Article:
RPA is here, and it’s here to stay.
According to MarketWatch, more than 50 percent of enterprises have adopted Robotic Process Automation (RPA), and in five years the market is going to be saturated.
The benefits of RPA adoption are significant. In a Deloitte report, payback was reported at less than 12 months, with an average 20% of full-time equivalent (FTE) capacity added provided by bots. RPA continues to meet and exceed expectations across multiple dimensions, including improved compliance (92%), improved quality/accuracy (90%), improved productivity (86%), and reduced cost (59%).
There have been many success stories. Sprint’s company-wide Automation Anywhere RPA program kicked off late in 2018, with the target to automate 50 use cases as quickly as possible — a first project with unprecedented scope and timeline. More than 50 additional use cases are in the development pipeline, and as the company’s understanding of RPA capabilities grows, new ideas on how to apply automation are multiplying. As of 2020, it has already saved 20,000 hours of manual human labor time.
Dell found 85% efficiency gains when it deployed RPA to automate 30 HR processes with 150 RPA software robots (“bots”) within Workday in 2019. And Santander Consumer Bank saved $2 million on a systems migration that it automated with 150 RPA bots.
Despite all these public success stories, misconceptions about RPA are still around. Here are five of those myths that we debunk in this blog.
What’s really happening is that jobs are improving. Employees — freed from mundane, repetitive tasks — can focus on creative, strategic, and innovative interesting work. As a result, they’re more satisfied with their jobs. A Forbes survey found that 92% of employees were more satisfied as a result of RPA initiatives at their organizations. Just imagine how much you could accomplish if you didn’t have to spend hours on repetitive work?
RPA has also created new job opportunities. As with the booming growth of the market, companies are actively seeking employees to help them with RPA implementation and management. Jobs such as RPA developer, RPA analyst, and other RPA-related jobs are on the rise.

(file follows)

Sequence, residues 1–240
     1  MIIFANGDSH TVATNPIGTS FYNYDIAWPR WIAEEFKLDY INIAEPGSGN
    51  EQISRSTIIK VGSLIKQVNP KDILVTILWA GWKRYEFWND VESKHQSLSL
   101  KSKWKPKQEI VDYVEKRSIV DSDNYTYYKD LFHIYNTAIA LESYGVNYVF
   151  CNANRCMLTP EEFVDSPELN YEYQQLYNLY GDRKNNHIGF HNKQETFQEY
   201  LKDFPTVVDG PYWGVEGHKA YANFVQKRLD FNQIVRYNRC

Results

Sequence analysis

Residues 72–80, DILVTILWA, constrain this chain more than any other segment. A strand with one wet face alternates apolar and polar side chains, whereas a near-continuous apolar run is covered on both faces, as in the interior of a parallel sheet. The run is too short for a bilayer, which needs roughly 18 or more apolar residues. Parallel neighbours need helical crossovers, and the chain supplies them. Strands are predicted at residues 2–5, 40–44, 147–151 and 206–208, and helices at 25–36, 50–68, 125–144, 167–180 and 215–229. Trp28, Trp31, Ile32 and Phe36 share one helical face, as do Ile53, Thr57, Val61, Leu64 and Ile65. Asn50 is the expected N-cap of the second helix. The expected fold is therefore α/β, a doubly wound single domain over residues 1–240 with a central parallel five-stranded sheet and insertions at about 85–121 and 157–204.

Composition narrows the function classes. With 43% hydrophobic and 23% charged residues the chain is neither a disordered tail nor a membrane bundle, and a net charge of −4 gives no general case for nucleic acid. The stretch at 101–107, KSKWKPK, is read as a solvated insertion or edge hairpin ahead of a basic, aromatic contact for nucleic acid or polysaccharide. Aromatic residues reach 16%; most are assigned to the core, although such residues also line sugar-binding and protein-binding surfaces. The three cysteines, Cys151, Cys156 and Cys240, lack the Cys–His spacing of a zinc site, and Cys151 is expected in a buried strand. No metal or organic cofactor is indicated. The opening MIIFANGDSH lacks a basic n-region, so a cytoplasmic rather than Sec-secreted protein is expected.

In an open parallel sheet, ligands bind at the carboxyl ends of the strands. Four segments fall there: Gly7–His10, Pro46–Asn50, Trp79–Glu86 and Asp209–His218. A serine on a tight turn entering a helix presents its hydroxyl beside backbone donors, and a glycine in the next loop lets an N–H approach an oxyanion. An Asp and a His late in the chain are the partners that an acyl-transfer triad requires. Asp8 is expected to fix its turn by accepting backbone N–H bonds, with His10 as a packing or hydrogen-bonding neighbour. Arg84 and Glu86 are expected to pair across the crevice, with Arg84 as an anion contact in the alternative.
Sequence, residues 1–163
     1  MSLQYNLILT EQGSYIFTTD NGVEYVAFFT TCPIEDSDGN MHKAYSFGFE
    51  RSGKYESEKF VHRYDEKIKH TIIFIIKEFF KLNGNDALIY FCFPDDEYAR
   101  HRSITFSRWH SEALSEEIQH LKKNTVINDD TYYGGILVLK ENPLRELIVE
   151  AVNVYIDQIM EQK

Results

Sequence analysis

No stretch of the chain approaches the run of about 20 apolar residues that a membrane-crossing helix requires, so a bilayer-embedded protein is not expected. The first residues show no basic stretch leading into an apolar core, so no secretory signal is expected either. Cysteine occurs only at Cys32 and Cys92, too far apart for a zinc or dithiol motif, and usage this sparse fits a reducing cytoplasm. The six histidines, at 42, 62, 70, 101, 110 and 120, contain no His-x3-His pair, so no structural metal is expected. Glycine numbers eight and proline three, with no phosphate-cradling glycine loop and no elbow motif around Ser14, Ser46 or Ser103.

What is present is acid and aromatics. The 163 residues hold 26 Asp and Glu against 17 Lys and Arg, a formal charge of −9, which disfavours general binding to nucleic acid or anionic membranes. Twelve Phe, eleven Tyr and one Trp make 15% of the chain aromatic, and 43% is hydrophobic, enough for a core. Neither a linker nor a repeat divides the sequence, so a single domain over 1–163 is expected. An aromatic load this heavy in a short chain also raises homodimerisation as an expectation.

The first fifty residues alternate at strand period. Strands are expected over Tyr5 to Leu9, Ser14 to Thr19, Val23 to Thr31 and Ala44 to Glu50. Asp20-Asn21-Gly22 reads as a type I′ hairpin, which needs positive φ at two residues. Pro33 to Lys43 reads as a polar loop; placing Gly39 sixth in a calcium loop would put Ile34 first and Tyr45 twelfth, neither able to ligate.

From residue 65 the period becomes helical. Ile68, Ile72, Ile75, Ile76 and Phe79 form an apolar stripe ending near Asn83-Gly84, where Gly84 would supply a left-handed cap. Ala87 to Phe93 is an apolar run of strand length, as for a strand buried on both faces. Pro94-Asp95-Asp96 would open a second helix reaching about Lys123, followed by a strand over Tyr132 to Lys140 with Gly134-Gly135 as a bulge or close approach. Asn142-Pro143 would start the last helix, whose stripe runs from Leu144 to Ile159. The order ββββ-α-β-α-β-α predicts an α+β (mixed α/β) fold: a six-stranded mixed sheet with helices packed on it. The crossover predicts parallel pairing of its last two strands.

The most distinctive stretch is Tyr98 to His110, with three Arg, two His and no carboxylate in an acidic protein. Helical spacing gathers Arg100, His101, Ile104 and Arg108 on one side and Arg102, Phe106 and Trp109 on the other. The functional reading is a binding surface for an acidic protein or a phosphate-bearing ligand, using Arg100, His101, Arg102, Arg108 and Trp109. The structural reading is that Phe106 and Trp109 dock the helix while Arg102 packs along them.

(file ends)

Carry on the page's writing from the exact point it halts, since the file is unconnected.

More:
One of the more persistent myths is that RPA is a “physical” technology. Hearing the words robotic or robots, people tend to imagine something out of 1950s Hollywood, with metal human-shaped robots bending over keyboards, metallic fingers ready to type.
But RPA is software, not hardware. It automates through algorithms, data entry, and clicks and copy-and-paste activities that humans routinely do at keyboards. Imagine if someone shadowed you through your job and then copied what you did at the computer — or laptop, tablet, or smartphone — to complete a task. That’s RPA. It imitates what you do through software. Now, there’s also intelligent RPA, discussed in Myth #5, which can do much, much more — but also with just software. No hardware involved, ever.
Yes, as with any technology, RPA requires a financial investment. And, as with any investment, you can expect an ROI. Numerous studies have found that the ROI of RPA is much faster and higher than with many other emerging technologies that can take years to return a payoff — if at all.
Despite the arguments when debunking Myth #3, it’s actually a mistake to focus on cost cutting alone when deploying RPA. That’s because although many organizations embark on their RPA journeys with the hope of saving costs, they quickly realize other, even more important benefits.
Here’s a summary of some of the other benefits from RPA.
So far, the discussion has been about traditional RPA. But that is just the beginning of your RPA journey. By melding together artificial intelligence (AI) technologies such as machine learning and natural language processing, you get intelligent automation, which allows you to do end-to-end business process automation and automate much more complex tasks.
Intelligent automation is capable of automating virtually any front- or back-office business process and even orchestrating work across combined teams of bots and humans. What this means is that intelligent automation can take structured and unstructured data, analyze it, make decisions based on it, and also learn from it — so the more data it ingests, the better it gets at its job. This is different from vanilla RPA, which can only process structured data in highly organized, prescribed steps. Unstructured data capable of being processed by intelligent automation includes human chat conversations, audio, video, and social media, which greatly expands RPA’s scope.
Intelligent automation can offer advanced analytics to help you gain operational and business intelligence. It can provide insight regarding the efficiency and effectiveness of your Digital Workforce and quantify the operational performance of your business processes. It can reveal what’s meaningful and predict what’s to come.
With these most common RPA myths debunked, what are you waiting for? RPA is going mainstream fast, and chances are your competitors are already using it. It’s the only way to keep up in these fast-changing times.
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